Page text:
This evening I went to the batting cage. The Burbank batting cage.
I had walked into a co-workers office, obviously twisted about something/nothing, the second day in a row of generalized frustration and anger that sadly can find very specific targets when not controlled.
I am the child of two extraordinarily angry adults. It would be surprising if some of it were not in my bones somewhere. Frankly, I'm scared of it. I've never been good at expressing it. When I confronted my mother about her anger once, she said "It's not directed at you," to which I responded, "well, when I'm the only person in the room and you're yelling at me, it sure feels like it." All this is immaterial to this evening (it's in the past and dealt with), excepting the fact that when faced with my own anger, I have no idea what to do with it - it seems a little terrifying and that might upset someone.
In times past, I've turned it inward, preferring to slide into a depressive hole that includes sad female singer/songwriters, country music, and ice cream. But since I've been cognizant of that lately, and have been trying to avoid depressive slides, I seem to be confronted with quite a surprising amount of non-specific anger that just boils up when I'm stymied or frustrated by any situation. Or, like this week, when I take a couple days off to go out of town and land somewhat gracelessly back into my life. Ker-plump, as Eleanor Roosevelt might say (as she does when reciting "High Hopes" on the Frank Sinatra show, which sadly I can't find on youtube).
So, back to this afternoon, when any little thing made me want to jump out of my skin. I had already consumed enough caffeine to power a small lawnmower (could this be the culprit?). My gay, softball-playing co-worker suggested the batting cages. And I said yes, like someone had just offered me a cool drink of water. Hitting something sounded like the best solution. The only solution. And since my mantra lately has been "First, do no harm", I thought the balls can't really feel it, so this was the best option.
So I took my intellectual self to the batting cages. How do I know I'm intellectual? I was deconstructing the process and thinking what I would write about it the whole time. And instead of angry, that made me laugh, laugh in the way you do when you just know something about yourself, and you can't help but have a little compassion for it. And besides, I was taking it all out on the balls. So there we were, two gay men at the batting cages - something that would have been unthinkable a few years ago to me. We put our money down and get a bat. Diet Cokes on me.
I go and hit a few balls, not too successfully. My friend tells me to bend my knees, lean into the pitch, grip the bat tightly at the base, keep my right arm up. It's not air golf, though it feels like I'm swatting rather than batting. And since I keep bending my wrists, I feel like a fey batboy pretending he's a player. My friend's up. I watch him hit a few times, and see what he means. Then I look over at the cage next to us, and see a man hitting every single ball gracefully. I see how he leans back from it, prepares with his front leg, swinging like he's a replica of the top of a trophy. I see now where that stance comes from. Then a woman follows him who does the same thing - graceful, easy, assured, strong.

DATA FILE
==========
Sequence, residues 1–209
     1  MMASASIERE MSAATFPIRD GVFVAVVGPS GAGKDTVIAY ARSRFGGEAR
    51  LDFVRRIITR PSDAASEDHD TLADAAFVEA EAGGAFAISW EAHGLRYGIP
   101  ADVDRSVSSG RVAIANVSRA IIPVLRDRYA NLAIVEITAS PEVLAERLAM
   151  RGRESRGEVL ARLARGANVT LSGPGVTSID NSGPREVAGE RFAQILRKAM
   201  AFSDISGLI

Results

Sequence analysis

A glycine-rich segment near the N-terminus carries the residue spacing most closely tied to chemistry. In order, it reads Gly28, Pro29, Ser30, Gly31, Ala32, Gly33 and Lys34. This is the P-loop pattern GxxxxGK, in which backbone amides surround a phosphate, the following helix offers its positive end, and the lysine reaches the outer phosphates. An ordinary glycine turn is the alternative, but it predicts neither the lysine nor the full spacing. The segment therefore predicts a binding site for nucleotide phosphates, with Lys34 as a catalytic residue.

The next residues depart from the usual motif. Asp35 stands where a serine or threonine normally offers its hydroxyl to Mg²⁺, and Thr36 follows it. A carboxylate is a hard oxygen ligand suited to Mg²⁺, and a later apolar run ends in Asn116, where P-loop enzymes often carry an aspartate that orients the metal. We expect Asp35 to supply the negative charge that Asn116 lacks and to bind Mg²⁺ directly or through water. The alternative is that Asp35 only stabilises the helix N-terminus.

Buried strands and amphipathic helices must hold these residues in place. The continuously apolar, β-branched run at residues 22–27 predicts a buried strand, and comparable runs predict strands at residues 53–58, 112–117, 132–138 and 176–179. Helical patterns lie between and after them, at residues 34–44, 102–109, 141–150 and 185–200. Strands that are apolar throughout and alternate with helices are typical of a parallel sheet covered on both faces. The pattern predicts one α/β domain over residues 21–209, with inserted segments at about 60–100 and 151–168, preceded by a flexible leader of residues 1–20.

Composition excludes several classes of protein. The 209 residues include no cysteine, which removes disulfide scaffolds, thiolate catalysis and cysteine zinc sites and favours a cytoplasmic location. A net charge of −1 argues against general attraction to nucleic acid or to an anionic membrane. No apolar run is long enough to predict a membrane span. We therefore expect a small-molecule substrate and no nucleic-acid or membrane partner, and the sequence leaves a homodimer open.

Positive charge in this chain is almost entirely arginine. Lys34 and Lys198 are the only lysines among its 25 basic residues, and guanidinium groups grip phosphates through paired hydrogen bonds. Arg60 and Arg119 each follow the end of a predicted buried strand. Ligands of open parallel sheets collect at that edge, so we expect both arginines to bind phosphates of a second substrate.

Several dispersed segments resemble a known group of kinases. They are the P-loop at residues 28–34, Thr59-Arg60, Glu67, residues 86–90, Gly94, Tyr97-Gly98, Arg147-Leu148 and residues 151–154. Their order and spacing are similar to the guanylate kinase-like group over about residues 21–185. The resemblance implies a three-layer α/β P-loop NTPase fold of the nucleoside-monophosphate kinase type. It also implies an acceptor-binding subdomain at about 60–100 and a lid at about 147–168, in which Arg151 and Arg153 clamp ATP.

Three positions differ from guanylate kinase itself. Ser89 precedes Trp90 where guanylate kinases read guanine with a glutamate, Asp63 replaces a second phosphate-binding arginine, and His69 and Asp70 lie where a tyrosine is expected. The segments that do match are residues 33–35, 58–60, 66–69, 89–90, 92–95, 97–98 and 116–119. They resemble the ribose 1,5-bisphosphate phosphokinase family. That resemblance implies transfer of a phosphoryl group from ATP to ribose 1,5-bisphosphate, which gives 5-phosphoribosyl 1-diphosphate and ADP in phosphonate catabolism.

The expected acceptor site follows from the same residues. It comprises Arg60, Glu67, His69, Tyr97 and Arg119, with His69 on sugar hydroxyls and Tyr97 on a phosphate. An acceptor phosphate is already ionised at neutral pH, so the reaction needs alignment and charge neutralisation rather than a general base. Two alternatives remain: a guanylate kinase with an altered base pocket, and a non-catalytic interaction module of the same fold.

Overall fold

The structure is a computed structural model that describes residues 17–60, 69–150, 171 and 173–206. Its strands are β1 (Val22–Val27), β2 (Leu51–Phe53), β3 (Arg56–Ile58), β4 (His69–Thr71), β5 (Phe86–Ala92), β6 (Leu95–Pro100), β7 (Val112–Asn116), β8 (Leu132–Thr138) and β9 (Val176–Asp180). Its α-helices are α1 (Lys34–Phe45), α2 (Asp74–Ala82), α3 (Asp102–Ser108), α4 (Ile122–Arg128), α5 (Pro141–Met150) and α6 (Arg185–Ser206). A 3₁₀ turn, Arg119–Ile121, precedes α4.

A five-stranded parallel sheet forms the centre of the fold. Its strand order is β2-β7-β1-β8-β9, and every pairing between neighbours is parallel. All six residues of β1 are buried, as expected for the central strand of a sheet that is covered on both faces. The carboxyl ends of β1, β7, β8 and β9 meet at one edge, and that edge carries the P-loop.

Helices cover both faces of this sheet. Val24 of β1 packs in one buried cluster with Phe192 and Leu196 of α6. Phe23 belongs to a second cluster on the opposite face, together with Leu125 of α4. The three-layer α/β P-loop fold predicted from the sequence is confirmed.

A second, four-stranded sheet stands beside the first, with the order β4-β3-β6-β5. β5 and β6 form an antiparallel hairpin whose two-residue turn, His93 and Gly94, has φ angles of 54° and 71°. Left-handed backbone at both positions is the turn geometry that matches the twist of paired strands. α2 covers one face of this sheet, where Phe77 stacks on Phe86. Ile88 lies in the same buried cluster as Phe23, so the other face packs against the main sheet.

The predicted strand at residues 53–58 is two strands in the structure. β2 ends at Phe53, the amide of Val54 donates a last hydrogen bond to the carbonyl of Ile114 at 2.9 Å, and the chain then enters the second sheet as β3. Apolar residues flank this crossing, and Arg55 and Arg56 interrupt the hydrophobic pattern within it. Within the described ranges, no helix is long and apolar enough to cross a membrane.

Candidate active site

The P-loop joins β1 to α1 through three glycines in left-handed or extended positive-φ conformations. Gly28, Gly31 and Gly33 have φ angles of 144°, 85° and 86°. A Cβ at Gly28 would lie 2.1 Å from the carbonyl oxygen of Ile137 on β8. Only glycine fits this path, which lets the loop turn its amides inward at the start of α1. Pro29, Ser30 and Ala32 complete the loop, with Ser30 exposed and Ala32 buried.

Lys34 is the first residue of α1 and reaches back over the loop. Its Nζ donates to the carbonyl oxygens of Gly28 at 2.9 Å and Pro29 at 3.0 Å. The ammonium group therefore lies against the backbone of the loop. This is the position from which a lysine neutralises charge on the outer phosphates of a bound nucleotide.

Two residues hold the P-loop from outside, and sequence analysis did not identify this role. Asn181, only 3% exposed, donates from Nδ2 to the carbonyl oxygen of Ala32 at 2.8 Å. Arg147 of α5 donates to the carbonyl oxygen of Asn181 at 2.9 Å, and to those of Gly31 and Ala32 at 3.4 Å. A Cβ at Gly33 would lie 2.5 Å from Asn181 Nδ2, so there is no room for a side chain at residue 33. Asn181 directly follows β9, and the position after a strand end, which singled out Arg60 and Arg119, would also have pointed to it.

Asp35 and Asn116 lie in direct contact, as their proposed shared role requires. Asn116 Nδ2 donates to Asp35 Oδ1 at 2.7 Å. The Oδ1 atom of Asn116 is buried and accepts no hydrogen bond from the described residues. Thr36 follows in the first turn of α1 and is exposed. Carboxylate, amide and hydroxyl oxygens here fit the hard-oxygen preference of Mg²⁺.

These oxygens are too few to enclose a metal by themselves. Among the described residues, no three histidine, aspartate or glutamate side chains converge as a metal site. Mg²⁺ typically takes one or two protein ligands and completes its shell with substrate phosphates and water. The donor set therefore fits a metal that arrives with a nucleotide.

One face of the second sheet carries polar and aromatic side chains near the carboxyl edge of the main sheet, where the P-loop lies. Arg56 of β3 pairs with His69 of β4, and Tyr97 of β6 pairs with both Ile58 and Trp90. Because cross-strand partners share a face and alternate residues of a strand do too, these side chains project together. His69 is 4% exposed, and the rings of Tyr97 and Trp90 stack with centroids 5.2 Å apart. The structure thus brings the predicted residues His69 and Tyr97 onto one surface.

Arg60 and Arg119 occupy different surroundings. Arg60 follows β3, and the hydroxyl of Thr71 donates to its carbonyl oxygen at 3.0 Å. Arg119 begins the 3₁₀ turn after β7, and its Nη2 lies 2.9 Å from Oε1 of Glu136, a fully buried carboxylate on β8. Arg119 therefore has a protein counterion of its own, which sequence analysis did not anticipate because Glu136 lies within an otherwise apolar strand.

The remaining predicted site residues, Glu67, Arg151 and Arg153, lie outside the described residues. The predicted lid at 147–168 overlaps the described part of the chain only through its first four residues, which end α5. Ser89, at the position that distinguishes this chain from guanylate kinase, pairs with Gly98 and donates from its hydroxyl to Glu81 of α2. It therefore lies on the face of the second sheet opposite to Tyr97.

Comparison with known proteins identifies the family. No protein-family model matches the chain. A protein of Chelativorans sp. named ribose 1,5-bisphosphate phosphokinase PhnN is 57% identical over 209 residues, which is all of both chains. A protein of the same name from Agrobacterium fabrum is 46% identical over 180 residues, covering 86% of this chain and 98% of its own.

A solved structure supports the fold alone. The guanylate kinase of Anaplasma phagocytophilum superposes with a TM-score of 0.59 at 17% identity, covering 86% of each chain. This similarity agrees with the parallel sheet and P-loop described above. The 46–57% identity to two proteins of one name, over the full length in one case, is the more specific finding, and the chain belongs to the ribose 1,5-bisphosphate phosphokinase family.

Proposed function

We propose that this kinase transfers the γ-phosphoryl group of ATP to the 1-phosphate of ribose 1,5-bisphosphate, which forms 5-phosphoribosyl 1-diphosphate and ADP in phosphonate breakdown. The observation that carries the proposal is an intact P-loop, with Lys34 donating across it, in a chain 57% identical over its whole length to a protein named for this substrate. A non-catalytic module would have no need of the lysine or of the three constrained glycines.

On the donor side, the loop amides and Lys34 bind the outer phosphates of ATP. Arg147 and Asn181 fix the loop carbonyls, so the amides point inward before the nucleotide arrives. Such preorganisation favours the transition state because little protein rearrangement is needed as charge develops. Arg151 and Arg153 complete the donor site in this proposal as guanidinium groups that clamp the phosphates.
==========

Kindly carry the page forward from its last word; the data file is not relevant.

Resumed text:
I go back into the cage, mimic what I've seen and start hitting the balls. Now I'm hitting about 90%. I don't miss that many at all. And there's a great satisfaction in hitting the sweet spot, hearing the "thunk" and seeing the ball sail up. The aggression is gone. I am now all about finding the perfect hit and making sure my form is good. The anger has dissipated. By the time we go up for the second session, I am forming blisters on my thumbs. So I just change how I held my thumbs. And make sure to wash my hands when I'm done - you can never be too careful.
And since this is the kind of guy I am, I learned a few things:
The ball is never coming as fast as I think it is. There's actually time to anticipate it and wait for it to come to the right place. Don't panic.
The bat does the work.
You'll get a lot more done if you use your whole self, and not just parts, like the wrist, or the arms.
Sit into your weight; it's there for a reason, embrace it.
It never takes as much energy as I think it does.
There is no perfection.
You never know completely what's coming at you - it might be low and outside, or high and tight.
The nicks count - they stop the ball.